Figure 6-9 Select Transport option - Bindings

Important: The JMSInput node is always on the same machine as the


broker queue manager and always uses the Bindings transport. However,
the queue managers for the JMSOutput nodes (JMSPROV1 and
JMSPROV2) might be on a system that is remote to the message flow. For
the connection factories for these providers, select MQ Client. This means
that the connection uses TCP/IP.

If you select MQ Client as the transport and you selected the Support XA
transactions check box on the previous page of the wizard (Figure 6-8 on
page 131), you must install the WebSphere MQ Extended Transactional
Client on the WebSphere Message broker system. Refer to the following
resources for instructions about installing this component:
򐂰 “Installing the WebSphere MQ client” topic in the WebSphere MQ
Information Center
http://publib.boulder.ibm.com/infocenter/wmqv6/v6r0/index.jsp?t
opic=/com.ibm.mq.csqzaf.doc/amq2512.htm
򐂰 WebSphere MQ Extended Transactional Client Web page
http://www.ibm.com/software/integration/wmq/transclient.html
򐂰 “Units of work and transactions” in WebSphere MQ V6 Fundamentals,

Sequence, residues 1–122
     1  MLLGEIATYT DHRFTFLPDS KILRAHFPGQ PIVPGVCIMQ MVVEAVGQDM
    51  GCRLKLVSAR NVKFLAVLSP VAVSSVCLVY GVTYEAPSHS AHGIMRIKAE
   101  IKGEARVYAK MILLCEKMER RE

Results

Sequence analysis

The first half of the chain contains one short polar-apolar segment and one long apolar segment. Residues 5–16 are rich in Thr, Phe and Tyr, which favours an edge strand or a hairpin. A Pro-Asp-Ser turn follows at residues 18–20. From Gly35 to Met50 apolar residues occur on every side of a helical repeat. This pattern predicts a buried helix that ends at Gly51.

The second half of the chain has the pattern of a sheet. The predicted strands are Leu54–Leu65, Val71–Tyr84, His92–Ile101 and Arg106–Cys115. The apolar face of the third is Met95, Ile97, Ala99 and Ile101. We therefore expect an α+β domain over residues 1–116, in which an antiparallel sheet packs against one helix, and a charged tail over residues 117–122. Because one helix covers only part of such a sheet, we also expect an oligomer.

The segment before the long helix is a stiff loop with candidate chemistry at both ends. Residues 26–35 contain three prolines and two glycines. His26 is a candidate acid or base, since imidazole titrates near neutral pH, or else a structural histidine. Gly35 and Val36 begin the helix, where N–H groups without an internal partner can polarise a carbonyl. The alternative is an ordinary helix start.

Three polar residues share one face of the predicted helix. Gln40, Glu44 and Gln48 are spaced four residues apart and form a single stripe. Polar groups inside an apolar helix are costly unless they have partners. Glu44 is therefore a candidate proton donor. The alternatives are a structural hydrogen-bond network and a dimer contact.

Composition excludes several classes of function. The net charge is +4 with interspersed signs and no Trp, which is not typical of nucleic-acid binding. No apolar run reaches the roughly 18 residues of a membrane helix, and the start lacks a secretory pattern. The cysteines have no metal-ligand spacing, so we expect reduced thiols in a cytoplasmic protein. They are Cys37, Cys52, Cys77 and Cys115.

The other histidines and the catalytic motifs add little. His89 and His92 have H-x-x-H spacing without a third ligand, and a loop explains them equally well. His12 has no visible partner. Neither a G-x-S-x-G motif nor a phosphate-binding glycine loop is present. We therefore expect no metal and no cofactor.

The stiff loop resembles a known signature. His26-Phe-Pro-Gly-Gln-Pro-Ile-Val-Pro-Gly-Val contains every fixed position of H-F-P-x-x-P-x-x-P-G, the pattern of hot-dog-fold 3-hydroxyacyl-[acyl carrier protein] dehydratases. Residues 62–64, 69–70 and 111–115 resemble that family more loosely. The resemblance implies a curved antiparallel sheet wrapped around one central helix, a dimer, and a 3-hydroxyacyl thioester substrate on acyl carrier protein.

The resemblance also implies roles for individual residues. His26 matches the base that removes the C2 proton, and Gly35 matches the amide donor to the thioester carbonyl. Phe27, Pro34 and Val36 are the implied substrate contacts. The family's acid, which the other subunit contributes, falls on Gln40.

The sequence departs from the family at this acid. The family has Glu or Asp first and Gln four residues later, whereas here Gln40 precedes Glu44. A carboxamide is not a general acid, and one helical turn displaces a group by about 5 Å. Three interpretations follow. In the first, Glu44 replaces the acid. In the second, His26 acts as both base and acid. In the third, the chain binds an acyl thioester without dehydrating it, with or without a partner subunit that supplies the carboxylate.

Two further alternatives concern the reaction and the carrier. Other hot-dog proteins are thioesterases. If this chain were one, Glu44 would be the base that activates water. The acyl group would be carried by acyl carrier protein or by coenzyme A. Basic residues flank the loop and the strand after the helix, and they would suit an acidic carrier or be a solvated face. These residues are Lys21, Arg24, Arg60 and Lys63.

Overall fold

SG24-7128

5. On the next page, accept the defaults and click Next.

132 Using IBM WebSphere Message Broker as an ESB with WebSphere Process Server
6. In the Properties window (Figure 6-10), click Connection on the left, and for
Base queue manager, type JMSPROV1. Then click OK.

Figure 6-10 Specifying the base queue manager

7. On the next window (not shown), click Finish.

z/OS: The only JMS provider that is supported on z/OS is WebSphere MQ


JMS. The only transport option that is supported for WebSphere MQ JMS
on z/OS is the Bind option.

8. Repeat the process as explained in step 1 on page 131 through step 7 to add
the following connection factories.
a. Name: jms_PROV2:
• Transport: Bindings
• Base queue manager: JMSPROV2
b. Name: jms_ESBQCF:
• Transport: Bindings
• Base queue manager: TEST.QUEUE.MANAGER
c. Name: recoverXAQCF:
• Transport: Bindings
• Base queue manager: JMSPROV1

Chapter 6. Scenario: WebSphere Message Broker acting as a transaction manager 133


Figure 6-11 shows a summary of the JMS connection factory definitions.

Figure 6-11 Summary of connection factories created

Note that the connection factories for the queue managers that are participating
in the global transaction have a class name of MQXAQueueConnectionFactory.
This was a result of selecting the Support XA transactions option.

Creating the JMS destinations


In a similar fashion, we configured the destinations. To open the wizard to create
each destination, select JMS Administered Objects → bindings directory →
Destinations → New → Destination.